At a time when the country is getting ready to send its first-ever human spaceflight mission into orbit by December, 2021, ISRO’s Chairman, Dr Kailasavadivoo Sivan has made a startling revelation to the mainstream media on India’s future endeavours in the domain. In an interview with IANS, he confirmed that Russia had finally offered the much-awaited semi-cryogenic rocket engine technology to India. “Russia is offering its semi-cryogenic engine technology to India under the ‘Make in India’ programme. The rocket engines could be made in India and used in our rockets,” Dr Sivan dropped the bombshell. When asked about a prospective partnership with Russia for sourcing of critical components for the upcoming Gaganyaan mission, he said, “The discussions are on. Nothing has been finalised. We have to see whether we need to buy their components. The components have to be suitable for us.” Meanwhile, Russia’s state-run space agency- Roscosmos has also sent out a press statement expressing its intent to collaborate with India in the spheres of piloted spaceflight, satellite navigation and engine technology.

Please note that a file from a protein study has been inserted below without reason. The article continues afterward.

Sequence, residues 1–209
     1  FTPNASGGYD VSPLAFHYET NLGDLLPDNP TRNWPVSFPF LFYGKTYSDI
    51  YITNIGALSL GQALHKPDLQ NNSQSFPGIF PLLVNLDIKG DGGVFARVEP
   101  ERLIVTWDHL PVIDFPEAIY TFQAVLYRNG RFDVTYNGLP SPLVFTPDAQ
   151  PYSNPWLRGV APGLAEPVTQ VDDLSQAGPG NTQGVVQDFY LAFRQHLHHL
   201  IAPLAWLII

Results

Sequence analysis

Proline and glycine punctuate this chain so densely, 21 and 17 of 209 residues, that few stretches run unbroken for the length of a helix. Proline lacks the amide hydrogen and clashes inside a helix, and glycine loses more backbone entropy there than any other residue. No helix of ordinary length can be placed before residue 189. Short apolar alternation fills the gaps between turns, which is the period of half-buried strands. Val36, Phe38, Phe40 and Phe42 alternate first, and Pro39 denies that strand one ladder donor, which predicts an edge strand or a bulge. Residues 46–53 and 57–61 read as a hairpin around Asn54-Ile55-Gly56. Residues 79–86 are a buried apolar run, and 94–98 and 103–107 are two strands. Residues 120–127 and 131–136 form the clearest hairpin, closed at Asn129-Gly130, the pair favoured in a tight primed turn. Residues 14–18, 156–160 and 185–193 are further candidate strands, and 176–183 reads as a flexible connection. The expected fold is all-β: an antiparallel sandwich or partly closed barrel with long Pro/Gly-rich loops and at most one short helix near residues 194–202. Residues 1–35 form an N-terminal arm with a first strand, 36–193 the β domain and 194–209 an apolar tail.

The evolution of high-thrust engines
Semi-cryogenic engines hold the key towards the development of a fullfledged super-heavy lift capability. While traditional cryogenic boosters of rockets use liquid oxygen and liquid hydrogen as fuel, semi-cryogenic engines burn liquid oxygen mixed with kerosene (refined petroleum) which provides more thrust in the vacuum of space. Semi-cryogenic boosters significantly increase a rocket’s range, velocity and payload capacity which gives the user the option of launching heavier payloads directly into higher orbits. While India started working on indigenous cryogenic engines since the mid-1990s under the technology denial regime, the country’s space programme has come a long way with the evolution of CE-7.5 and CE-20 engines.
CE-7.5 cryogenic engine
Continue Reading with Magzter GOLD
Log-in, if you are already a subscriber
Get unlimited access to thousands of curated premium stories and 5,000+ magazines
READ THE ENTIRE ISSUE